health day reporter
MONDAY, Aug. 29, 2022 (HealthDay News) — Gen Z and millennials are about twice as likely to develop high blood pressure during pregnancy as baby boomer women, a new study finds.This includes things like preeclampsia and gestational hypertension.
The risk of developing high blood pressure during pregnancy is generally thought to increase with maternal age, but after accounting for age, the researchers found that women born in 1981 and later were still at greater risk.
“While there are many reasons for the observed intergenerational variation, we hypothesize that this is largely due to the observed intergenerational decline heart health“We’ve seen an increasing number of pregnancies due to risk factors such as obesity in recent generations,” said study co-author Dr. Sadia Khan, assistant professor at Northwestern University Feinberg School of Medicine in Chicago. “
She stressed that the stakes were high.
“High blood pressure during pregnancy is the leading cause of death for both mother and baby,” Khan said in a school news release. “High blood pressure during pregnancy is associated with an increased risk of heart failure and stroke In the mother, the baby is at increased risk of premature birth, growth restriction or death. “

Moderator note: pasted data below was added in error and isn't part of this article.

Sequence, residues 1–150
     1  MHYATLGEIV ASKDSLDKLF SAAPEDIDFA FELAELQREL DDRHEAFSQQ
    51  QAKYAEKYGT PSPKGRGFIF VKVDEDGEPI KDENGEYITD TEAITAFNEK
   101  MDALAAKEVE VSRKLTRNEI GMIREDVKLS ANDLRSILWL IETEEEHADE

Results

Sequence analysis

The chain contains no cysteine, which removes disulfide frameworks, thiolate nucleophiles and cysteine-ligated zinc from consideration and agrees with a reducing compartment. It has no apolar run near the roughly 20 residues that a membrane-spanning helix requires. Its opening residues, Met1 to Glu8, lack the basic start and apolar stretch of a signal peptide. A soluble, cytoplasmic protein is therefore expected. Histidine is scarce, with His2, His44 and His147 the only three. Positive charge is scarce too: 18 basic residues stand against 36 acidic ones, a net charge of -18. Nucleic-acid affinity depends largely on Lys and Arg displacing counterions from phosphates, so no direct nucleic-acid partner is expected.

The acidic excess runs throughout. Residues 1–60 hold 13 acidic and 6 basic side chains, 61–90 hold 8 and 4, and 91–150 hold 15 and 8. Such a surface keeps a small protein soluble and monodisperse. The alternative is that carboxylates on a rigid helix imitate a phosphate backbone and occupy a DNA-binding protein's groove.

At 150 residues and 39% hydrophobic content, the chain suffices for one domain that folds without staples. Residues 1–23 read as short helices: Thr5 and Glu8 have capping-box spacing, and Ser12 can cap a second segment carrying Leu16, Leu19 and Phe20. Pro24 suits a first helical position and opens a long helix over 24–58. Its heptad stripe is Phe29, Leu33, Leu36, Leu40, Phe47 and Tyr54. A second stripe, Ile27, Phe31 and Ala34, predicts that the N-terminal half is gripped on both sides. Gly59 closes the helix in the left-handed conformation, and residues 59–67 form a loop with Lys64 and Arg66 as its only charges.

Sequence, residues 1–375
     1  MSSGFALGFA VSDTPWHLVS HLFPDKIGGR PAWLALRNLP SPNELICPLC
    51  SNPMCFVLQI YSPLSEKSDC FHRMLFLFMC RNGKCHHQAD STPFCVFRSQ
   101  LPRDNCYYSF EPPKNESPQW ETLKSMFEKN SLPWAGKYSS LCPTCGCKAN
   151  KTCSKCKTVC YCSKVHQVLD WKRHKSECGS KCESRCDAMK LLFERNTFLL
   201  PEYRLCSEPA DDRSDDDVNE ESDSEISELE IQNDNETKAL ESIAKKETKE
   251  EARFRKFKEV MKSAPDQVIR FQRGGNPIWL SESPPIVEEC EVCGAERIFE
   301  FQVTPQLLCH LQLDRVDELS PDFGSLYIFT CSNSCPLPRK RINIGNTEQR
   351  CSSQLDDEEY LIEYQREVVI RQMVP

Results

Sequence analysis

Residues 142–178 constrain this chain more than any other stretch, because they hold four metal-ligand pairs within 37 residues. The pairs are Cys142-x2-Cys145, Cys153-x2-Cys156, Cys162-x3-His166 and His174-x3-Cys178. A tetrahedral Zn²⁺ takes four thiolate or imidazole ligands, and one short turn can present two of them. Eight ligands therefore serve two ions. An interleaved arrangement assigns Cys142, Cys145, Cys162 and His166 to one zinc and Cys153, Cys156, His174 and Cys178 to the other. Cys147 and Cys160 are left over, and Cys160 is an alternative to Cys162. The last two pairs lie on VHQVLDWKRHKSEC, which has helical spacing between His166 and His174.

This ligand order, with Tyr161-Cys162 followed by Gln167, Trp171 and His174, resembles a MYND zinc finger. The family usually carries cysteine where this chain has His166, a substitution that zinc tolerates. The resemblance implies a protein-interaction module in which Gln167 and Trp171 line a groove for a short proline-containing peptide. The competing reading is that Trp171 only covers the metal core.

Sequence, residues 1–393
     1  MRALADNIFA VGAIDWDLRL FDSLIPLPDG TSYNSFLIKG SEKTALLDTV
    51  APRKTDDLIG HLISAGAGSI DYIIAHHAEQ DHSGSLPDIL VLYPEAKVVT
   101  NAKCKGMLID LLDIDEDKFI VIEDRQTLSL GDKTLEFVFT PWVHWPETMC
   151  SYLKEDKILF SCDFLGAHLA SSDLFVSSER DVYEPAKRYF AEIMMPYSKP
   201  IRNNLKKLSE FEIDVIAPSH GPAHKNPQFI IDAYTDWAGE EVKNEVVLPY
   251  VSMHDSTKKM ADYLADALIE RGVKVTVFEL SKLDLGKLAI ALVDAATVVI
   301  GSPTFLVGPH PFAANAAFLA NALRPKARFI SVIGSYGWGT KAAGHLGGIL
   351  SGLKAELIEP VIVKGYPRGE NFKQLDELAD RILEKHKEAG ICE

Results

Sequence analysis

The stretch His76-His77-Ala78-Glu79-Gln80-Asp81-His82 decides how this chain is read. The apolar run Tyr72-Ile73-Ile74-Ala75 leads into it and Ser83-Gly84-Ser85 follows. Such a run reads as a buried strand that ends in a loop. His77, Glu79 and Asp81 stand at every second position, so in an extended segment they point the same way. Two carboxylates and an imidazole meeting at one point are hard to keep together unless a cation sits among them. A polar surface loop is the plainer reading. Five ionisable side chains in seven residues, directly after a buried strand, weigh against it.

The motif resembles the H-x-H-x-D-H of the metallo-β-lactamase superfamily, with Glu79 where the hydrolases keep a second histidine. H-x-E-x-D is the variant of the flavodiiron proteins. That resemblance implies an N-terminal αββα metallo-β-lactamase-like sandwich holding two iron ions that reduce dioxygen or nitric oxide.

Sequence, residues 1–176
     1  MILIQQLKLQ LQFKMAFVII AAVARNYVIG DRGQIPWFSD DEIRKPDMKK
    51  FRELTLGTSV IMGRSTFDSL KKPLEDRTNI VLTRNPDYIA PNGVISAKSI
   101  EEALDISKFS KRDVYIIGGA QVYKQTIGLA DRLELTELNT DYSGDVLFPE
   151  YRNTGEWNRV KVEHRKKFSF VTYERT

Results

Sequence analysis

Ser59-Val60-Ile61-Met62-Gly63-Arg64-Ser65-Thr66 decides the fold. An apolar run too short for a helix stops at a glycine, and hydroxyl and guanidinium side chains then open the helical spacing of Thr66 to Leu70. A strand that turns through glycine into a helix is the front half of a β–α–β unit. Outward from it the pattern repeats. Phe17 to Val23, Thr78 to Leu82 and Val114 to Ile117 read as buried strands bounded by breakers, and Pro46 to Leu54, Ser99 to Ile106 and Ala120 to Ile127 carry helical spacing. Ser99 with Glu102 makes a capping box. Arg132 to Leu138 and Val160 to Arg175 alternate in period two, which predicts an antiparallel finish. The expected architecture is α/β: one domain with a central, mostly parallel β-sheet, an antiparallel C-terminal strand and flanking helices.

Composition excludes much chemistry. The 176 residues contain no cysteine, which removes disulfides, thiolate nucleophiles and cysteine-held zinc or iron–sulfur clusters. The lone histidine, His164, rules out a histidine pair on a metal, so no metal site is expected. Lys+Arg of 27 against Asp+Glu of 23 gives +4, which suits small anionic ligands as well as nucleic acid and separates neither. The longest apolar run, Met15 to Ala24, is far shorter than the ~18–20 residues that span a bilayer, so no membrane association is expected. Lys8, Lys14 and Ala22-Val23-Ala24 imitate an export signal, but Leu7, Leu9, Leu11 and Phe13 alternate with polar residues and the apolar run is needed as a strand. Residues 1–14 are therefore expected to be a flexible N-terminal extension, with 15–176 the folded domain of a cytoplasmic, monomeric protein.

The researchers pulled the numbers from the National Vital Statistics System Birth Database. The study included data from more than 38 million women, focusing on first pregnancies that occurred between 1995 and 2019.
These numbers allowed them to match conditions associated with high blood pressure during pregnancy to the mother’s year of birth and race or ethnicity.
They found that American Indians, Alaska Natives and black women had the highest rates.
“This is the first multigenerational study to look beyond maternal age or calendar year of birth to understand patterns of gestational hypertension,” Khan said.
“This is especially important as we see a legacy of huge racial and ethnic disparities in this high-risk disease that affects not only mothers but babies, too,” she said. “This can lead to poorer heart health by starting life with poorer heart health. A vicious cycle of declining health across generations.”
Co-author Dr. Natalie Cameron, a lecturer in medicine at Northwestern University, said the findings call for a new screening method.
“The public health and clinical message of this work is the need to broaden our perspective on screening and broaden our focus on prevention before and during pregnancy for all age groups, especially in young people who are not traditionally considered to be at high risk. in,” Cameron said at the press conference.
Khan agreed. “Prevention and early identification can save lives and improve the health of offspring from birth,” she said.
The study was published online Aug. 24 in JAMA Open Network .
The U.S. Centers for Disease Control and Prevention has more information about high blood pressure during pregnancy.
Source: Northwestern Medicine, press release, August 24, 2022